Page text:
That said, if we had to put each exercise head to head and choose an “overall mass” winner, then we had to consider multiple factors. There are a multitude of things that can influence which exercise can be best for building mass.

Testing the Adidas Powerlift 5 for squats

For example, let’s say you’re a lifter that has a really built back and strong deadlift but your squat is lagging. In this example, the squat would likely lead to more mass gains due to the body having a greater response to the stimulus.

To look at another example, let’s say we have a hockey player who has really built legs but hasn’t had much exposure to the deadlift. In this context, the deadlift would likely lead to more immediate mass gains.

Me Testing the AVANCUS Apex Power for Deadlifting

The main lesson here is that the squat and deadlift can both be great for building mass and which is “best” will depend on your individual training history, anatomy, strength and weaknesses, and much more.

Should You Deadlift Or Squat First?

When programming the deadlift and squat you can perform them on the same day, but if you’re choosing to do so, then you’ll want to be strategic with how you’re approaching doing so.

The big thing to consider when programming the squat and deadlift on the same day is to order them in a means that allows you to perform both to their fullest potential. This means also accounting for your volume and intensity.

How I Program Squats and Deadlifts On the Same Day

While I don’t often program squats and deadlifts on the same day, there are a couple of things I’ll consider if I have to do so for lifters who are limited in their training frequency or prepping for a powerlifting meet.

  1. Which Lift Is Lagging the Most: One way to approach this topic is to put the exercise that you’re lagging most in first so you can use your peak physical and mental energy on this exercise.
  2. Which Lift Is Your Main Focus: Let’s say you’re equally strong in both lifts. In this context, you’ll put the exercise that you’re pushing harder for the day first to get the most bang for your buck regarding energy levels.
  3. Are You a Powerlifter In Prep: If you’re a powerlifter then you’ll likely always want to squat before you deadlift if you’re doing SBD (squat, bench, deadlift) days as this will more closely replicate the flow of meets.

Reebok Legacy Lifter II for powerlifting

At the end of the day, you’ll want to structure your squat and deadlift in a means that makes the most sense for you and there are multiple ways to approach this topic depending on your coaching ideology and goals.

Frequently Asked Questions (FAQ)

Q:
Can squats improve deadlifts?

A:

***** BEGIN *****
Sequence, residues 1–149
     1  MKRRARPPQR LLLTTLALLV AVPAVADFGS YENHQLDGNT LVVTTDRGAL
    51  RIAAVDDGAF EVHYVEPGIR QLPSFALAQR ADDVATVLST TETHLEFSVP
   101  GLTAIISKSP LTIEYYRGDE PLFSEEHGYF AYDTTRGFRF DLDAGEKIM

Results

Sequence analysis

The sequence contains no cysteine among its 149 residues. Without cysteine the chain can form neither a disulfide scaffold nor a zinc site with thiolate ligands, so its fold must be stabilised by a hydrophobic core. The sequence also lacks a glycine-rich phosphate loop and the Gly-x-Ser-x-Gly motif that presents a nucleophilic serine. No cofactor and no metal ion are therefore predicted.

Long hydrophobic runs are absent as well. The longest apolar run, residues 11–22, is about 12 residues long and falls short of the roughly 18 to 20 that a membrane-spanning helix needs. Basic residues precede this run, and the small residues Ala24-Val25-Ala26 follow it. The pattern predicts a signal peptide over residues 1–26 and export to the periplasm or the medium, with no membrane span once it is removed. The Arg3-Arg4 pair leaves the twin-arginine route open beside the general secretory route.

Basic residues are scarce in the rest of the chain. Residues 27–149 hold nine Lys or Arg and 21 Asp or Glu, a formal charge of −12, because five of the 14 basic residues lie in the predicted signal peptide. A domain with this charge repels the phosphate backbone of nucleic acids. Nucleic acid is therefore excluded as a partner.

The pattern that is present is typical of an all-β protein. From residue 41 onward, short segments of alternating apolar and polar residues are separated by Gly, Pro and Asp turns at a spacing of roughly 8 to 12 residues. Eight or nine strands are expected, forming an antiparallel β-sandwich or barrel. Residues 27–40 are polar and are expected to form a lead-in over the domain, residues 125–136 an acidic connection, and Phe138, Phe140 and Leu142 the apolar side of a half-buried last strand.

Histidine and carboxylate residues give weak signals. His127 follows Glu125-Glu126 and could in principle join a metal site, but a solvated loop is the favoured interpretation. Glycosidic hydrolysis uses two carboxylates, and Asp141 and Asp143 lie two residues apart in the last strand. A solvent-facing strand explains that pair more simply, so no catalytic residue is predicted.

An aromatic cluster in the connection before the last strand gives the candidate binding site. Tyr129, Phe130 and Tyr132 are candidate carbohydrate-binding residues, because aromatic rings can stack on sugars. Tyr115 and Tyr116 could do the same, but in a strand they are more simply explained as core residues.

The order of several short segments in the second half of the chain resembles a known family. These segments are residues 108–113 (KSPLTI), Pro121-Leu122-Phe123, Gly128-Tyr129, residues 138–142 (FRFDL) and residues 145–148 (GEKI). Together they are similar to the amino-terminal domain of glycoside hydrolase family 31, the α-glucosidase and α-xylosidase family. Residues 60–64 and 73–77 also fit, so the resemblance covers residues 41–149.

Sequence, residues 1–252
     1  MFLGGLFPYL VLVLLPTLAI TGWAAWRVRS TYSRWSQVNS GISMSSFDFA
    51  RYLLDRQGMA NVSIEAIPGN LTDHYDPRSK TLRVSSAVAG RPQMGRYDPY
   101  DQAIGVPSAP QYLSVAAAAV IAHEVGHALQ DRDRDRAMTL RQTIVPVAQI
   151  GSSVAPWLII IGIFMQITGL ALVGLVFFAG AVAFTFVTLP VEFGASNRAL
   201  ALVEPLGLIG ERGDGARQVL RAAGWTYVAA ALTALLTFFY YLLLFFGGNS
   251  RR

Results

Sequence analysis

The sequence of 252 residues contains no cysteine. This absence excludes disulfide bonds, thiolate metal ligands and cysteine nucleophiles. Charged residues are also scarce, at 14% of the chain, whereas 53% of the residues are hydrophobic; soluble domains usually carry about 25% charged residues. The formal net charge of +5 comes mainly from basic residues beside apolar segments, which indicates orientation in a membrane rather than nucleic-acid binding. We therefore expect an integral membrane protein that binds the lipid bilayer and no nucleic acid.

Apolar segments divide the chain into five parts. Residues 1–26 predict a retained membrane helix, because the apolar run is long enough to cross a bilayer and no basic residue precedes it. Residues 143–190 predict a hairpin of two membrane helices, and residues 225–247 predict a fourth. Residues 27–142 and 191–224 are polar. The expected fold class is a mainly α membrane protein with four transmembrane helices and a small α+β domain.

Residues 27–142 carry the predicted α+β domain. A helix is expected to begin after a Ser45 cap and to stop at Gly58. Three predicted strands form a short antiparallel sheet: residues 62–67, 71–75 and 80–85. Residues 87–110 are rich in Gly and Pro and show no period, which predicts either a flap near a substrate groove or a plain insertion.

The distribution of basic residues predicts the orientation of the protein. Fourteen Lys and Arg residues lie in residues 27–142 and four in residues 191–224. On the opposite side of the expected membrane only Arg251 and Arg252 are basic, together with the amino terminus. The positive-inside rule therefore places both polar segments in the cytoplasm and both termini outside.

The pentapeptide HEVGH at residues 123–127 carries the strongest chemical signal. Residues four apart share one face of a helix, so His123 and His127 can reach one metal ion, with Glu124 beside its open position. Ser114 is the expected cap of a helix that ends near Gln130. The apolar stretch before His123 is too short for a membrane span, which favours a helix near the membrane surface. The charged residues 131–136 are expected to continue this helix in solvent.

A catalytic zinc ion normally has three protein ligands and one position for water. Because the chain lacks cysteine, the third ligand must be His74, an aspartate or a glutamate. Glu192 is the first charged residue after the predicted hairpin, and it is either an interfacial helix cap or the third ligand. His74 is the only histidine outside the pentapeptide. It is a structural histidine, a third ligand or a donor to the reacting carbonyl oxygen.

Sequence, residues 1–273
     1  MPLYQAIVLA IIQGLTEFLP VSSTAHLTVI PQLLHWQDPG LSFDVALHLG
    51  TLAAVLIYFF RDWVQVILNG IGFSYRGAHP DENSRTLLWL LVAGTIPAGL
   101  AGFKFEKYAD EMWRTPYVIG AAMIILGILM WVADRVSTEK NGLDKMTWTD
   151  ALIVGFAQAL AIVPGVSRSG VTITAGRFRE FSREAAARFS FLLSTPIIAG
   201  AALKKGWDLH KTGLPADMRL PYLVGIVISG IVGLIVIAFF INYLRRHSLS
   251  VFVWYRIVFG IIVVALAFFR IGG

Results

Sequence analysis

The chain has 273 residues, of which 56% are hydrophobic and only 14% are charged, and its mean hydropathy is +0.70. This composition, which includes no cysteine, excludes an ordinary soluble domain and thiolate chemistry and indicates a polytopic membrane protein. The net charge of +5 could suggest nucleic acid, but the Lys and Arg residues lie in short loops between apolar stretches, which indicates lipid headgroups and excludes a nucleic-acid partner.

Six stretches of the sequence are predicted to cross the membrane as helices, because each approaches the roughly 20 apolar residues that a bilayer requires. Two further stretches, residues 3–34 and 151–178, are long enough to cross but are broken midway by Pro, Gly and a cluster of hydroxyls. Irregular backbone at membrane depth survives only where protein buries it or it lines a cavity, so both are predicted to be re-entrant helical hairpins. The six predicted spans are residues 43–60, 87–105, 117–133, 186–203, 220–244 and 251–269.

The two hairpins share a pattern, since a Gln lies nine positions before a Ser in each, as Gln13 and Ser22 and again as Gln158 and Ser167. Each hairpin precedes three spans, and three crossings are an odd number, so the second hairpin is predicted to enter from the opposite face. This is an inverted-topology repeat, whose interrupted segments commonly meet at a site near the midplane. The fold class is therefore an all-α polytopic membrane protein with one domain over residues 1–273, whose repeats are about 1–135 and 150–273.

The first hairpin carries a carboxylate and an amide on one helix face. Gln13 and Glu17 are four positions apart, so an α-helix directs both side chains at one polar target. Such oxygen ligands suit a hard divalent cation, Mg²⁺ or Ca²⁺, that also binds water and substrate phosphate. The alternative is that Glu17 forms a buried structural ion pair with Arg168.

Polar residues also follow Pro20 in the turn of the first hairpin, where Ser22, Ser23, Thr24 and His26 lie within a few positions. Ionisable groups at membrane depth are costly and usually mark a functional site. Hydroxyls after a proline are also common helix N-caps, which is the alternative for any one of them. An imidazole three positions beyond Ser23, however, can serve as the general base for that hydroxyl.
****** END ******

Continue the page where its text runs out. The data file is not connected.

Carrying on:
Despite being different exercises, training the squat can improve your deadlift. In the squat, you're strengthening the quads and glutes which are key muscles for a strong and big deadlift.

Q:
Is it better to squat or deadlift?

A:
It's a good idea to practice and train both the squat and deadlift. The idea that one is always better than the other lacks context and is usually shortsighted since we all move through squat and deadlift movement patterns on a regular basis.

Q:
Is squat better than deadlift for muscle growth?

A:
The squat can be a little better than the deadlift if your goals revolve around building the legs. The squat will generally train the quads, adductors, and glutes to a greater degree compared to the deadlift.

Takeaway Thoughts

The squat versus deadlift is a fun topic to discuss because there are multiple ways to compare and look at these exercises. From a programming lens, I like to separate the two based on a lifter’s training goals.

If your goal is building full body strength both exercises can be great, and if your goals revolve around mass, then I’d suggest programming and getting specific with the muscles you’re trying to hypertrophy.

If you have additional questions about the squat versus the deadlift, drop a comment below or reach out to me via Instagram (@jake_boly or @that_fit_friend).

Jake Boly, CSCS, MS Sports Science

Jake Boly, CSCS, MS Sports Science

Jake Boly is the Founder and Editor-In-Chief of That Fit Friend. He's often regarded to as a go-to resource in various performance shoe communities. He’s been formally reviewing shoes and training gear for over 7 years and has hand-tested over 400 pairs of shoes. Jake is known on the internet and YouTube for blending his review process with his educational, strength sports, and personal training background.

Jake has a Masters in Sports Science, a Bachelors in Exercise Science, a CSCS, and he's been personal training for over 10 years helping hundreds of clients get stronger, lose weight, and accomplish their goals. He uses his exercise science brain and personal training background to make curated and thoughtful review content on the fitness gear he's testing.